Euro Macro: The eurozone industrial sector continues to expand – Tomorrow (Fri 23 Oct) the flash estimate for the eurozone PMIs in October will be published. The manufacturing PMI is expected to decline somewhat but remain above the 50 boom-bust-level that separates contraction from growth. Our own forecast for the manufacturing PMI is that it will decline to 53.2 in October, down from 53.7 in September, which is very close to the consensus forecast.
An outcome in line with the expectations would mean that production in the manufacturing sector continued to expand after it collapsed during the period March-April. Importantly, the second wave of Covid-19 infections in the eurozone has not resulted in the type of strict lockdown measures that would result in large numbers of industrial employees staying at home. Therefore, the initial sharp rebound in production in May and June that took place after the first lockdowns, was followed by ongoing, albeit modest, recovery. Having said that, in August (the final month of production data published by Eurostat) the level of production still was more than 5% below pre-pandemic levels. The break down in main components shows that production of capital goods has remained particularly weak and was more than 9% below its pre-pandemic level in August, versus -3.5% for consumer goods and -5% for intermediate goods. This break down in types of production also seems to be reflected in the differences between the main countries. For instance, production in Germany (relatively heavy weight of capital goods) still was 11% below pre-pandemic levels in August, whereas in Italy (relatively heavy weight of consumer goods) total production already recorded a plus of almost 2% versus pre-pandemic levels.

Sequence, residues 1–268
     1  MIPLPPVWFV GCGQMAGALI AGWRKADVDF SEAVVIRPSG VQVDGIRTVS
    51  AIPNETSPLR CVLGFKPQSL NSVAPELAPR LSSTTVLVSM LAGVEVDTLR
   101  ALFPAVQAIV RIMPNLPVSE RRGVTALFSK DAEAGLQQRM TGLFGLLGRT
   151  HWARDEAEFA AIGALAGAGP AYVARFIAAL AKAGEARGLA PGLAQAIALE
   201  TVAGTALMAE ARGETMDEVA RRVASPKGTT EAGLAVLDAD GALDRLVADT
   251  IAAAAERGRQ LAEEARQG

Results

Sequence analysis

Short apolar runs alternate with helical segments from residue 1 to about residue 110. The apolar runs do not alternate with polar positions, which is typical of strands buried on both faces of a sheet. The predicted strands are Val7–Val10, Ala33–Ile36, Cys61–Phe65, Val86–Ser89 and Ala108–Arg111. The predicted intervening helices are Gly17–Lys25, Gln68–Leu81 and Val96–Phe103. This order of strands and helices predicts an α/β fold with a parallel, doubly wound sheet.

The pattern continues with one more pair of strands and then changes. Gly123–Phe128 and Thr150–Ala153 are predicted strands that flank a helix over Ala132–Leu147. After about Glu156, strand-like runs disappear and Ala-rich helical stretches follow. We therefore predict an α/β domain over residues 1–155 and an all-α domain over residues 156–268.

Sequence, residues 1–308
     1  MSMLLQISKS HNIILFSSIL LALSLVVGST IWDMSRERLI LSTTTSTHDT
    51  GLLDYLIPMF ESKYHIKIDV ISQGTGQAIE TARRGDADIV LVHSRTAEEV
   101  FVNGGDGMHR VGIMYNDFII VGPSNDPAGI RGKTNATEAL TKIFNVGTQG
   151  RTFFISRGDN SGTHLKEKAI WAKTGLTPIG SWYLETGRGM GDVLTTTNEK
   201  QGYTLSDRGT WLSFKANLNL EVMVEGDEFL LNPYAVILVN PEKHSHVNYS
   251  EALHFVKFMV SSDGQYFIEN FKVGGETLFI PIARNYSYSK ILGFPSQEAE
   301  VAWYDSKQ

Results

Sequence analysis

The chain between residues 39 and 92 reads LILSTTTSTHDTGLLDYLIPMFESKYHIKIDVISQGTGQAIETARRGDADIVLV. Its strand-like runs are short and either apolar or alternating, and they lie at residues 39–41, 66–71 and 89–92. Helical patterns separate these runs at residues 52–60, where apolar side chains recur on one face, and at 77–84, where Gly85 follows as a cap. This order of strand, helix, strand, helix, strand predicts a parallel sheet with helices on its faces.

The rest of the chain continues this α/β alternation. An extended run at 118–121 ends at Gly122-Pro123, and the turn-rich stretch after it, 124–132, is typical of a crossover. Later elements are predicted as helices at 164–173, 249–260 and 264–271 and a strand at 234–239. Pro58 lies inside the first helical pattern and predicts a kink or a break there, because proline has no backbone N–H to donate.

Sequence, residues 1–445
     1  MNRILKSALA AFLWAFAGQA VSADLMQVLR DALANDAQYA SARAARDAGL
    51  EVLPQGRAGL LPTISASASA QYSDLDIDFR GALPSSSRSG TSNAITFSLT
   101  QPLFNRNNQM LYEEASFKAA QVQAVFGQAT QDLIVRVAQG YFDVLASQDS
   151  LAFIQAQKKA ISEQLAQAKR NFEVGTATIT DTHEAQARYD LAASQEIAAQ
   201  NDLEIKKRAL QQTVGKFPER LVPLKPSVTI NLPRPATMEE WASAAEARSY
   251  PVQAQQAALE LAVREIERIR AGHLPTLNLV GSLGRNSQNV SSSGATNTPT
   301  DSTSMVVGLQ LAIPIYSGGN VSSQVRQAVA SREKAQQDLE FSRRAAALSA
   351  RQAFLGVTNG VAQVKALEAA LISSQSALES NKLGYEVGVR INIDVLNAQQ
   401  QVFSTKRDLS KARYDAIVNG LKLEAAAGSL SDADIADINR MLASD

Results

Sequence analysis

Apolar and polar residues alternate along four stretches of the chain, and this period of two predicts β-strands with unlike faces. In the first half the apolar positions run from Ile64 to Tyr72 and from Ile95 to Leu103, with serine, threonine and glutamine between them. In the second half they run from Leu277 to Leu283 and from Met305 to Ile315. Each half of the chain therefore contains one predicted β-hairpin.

Looking forward, we expect growth in production in the eurozone as a whole to remain subdued as private consumption and fixed investment in main countries and regions will continue to be depressed by weak labour markets and rising corporate defaults, particularly when temporary fiscal support packages are unwound. Therefore, we expect the level of production in the eurozone on aggregate to remain below pre-pandemic levels well into 2021. Moreover, the industrial sector is just a part of the eurozone narrative. The industrial sector has a much lighter weight in total GDP than the services sector – and the services sector is in much weaker shape than industry, and is also expected to contract in the coming quarters. As a result, the gradual recovery in industry will still not prevent a double dip in GDP growth. (Aline Schuiling)